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  1. Large-scale network-cloud ecosystems are fundamental infrastructures to support future 5G/6G services, and their resilience is a primary societal concern for the years to come. Differently from a single-entity ecosystem (in which one entity owns the whole infrastructure), in multi-entity ecosystems (in which the networks and datacenters are owned by different entities) cooperation among such different entities is crucial to achieve resilience against large-scale failures. Such cooperation is challenging since diffident entities may not disclose confidential information, e.g., detailed resource availability. To enhance the resilience of multi-entity ecosystems, carriers are important as all the entities rely on carriers’ communication services. Thus, in this study we investigate how to perform carrier cooperative recovery in case of large-scale failures/disasters. We propose a two-stage cooperative recovery planning by incorporating a coordinated scheduling for swift recovery. Through preliminary numerical evaluation, we confirm the potential benefit of carrier cooperation in terms of both recovery time and recovery cost/burden reduction. 
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    Free, publicly-accessible full text available May 1, 2024
  2. We investigate the problem of future disaster-resilient optical network-cloud ecosystems. We introduce our solutions considering openness/disaggregation and cooperation for single- and multi-entity network-cloud ecosystems, respectively. 
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    Free, publicly-accessible full text available April 1, 2024
  3. Abstract

    In this paper we present a reconstruction technique for the reduction of unsteady flow data based on neural representations of time‐varying vector fields. Our approach is motivated by the large amount of data typically generated in numerical simulations, and in turn the types of data that domain scientists can generatein situthat are compact, yet useful, for post hoc analysis. One type of data commonly acquired during simulation are samples of the flow map, where a single sample is the result of integrating the underlying vector field for a specified time duration. In our work, we treat a collection of flow map samples for a single dataset as a meaningful, compact, and yet incomplete, representation of unsteady flow, and our central objective is to find a representation that enables us to best recover arbitrary flow map samples. To this end, we introduce a technique for learning implicit neural representations of time‐varying vector fields that are specifically optimized to reproduce flow map samples sparsely covering the spatiotemporal domain of the data. We show that, despite aggressive data reduction, our optimization problem — learning a function‐space neural network to reproduce flow map samples under a fixed integration scheme — leads to representations that demonstrate strong generalization, both in the field itself, and using the field to approximate the flow map. Through quantitative and qualitative analysis across different datasets we show that our approach is an improvement across a variety of data reduction methods, and across a variety of measures ranging from improved vector fields, flow maps, and features derived from the flow map.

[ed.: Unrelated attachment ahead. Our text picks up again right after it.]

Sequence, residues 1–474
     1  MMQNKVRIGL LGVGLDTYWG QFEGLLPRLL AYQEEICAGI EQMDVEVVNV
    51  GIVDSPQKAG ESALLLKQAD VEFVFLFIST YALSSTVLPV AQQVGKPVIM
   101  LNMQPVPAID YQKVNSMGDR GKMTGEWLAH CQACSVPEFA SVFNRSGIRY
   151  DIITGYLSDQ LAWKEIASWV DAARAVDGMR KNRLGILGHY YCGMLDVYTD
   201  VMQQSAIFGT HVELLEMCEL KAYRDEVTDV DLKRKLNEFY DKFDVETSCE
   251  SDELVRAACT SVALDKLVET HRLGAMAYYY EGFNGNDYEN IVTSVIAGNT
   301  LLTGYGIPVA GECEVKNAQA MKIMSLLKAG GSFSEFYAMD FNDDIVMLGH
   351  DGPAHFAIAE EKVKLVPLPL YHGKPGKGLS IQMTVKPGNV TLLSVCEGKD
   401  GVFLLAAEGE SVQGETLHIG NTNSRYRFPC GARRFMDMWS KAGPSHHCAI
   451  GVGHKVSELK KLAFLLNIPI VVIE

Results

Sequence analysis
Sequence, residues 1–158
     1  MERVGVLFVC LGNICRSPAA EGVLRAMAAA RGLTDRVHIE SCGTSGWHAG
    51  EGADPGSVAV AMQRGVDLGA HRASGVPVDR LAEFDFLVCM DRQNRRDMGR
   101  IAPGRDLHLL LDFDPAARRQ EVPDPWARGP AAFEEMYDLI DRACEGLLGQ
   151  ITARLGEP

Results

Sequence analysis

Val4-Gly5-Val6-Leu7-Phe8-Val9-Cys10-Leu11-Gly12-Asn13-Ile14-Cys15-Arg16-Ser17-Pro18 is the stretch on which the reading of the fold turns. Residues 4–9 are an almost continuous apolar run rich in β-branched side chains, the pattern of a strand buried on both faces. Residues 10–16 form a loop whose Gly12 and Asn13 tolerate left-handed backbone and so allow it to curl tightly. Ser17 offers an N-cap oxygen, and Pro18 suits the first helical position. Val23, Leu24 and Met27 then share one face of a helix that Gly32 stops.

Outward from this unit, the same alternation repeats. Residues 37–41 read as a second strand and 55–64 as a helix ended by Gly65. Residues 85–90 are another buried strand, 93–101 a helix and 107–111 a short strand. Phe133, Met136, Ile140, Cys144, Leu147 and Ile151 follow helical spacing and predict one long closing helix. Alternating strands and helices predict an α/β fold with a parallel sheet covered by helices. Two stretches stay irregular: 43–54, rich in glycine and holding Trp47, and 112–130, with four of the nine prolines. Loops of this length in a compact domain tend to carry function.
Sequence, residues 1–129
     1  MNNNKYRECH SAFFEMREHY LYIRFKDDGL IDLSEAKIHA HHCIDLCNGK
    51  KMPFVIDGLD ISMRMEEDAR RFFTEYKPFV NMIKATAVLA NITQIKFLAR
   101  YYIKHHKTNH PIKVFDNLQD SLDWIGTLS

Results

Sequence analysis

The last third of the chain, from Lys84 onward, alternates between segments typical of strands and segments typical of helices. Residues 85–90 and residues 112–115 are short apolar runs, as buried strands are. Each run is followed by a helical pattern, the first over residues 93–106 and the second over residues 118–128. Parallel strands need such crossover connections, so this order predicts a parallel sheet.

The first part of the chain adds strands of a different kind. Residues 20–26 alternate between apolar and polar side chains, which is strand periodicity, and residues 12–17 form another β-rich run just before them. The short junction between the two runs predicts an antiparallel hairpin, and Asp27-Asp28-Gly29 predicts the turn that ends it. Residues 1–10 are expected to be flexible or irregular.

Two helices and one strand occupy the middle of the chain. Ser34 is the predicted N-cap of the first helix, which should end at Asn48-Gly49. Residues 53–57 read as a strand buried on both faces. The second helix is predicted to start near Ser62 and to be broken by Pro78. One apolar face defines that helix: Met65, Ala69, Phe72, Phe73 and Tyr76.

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  4. null (Ed.)
    ABSTRACT We report on the detection of pulsations of three pulsating subdwarf B stars observed by the Transiting Exoplanet Survey Satellite (TESS) satellite and our results of mode identification in these stars based on an asymptotic period relation. SB 459 (TIC 067584818), SB 815 (TIC 169285097), and PG 0342 + 026 (TIC 457168745) have been monitored during single sectors resulting in 27 d coverage. These data sets allowed for detecting, in each star, a few tens of frequencies that we interpreted as stellar oscillations. We found no multiplets, though we partially constrained mode geometry by means of period spacing, which recently became a key tool in analyses of pulsating subdwarf B stars. Standard routine that we have used allowed us to select candidates for trapped modes that surely bear signatures of non-uniform chemical profile inside the stars. We have also done statistical analysis using collected spectroscopic and asteroseismic data of previously known subdwarf B stars along with our three stars. Making use of high precision trigonometric parallaxes from the Gaia mission and spectral energy distributions we converted atmospheric parameters to stellar ones. Radii, masses, and luminosities are close to their canonical values for extreme horizontal branch stars. In particular, the stellar masses are close to the canonical one of 0.47 M⊙ for all three stars but uncertainties on the mass are large. The results of the analyses presented here will provide important constrains for asteroseismic modelling. 
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  5. Free, publicly-accessible full text available November 1, 2024
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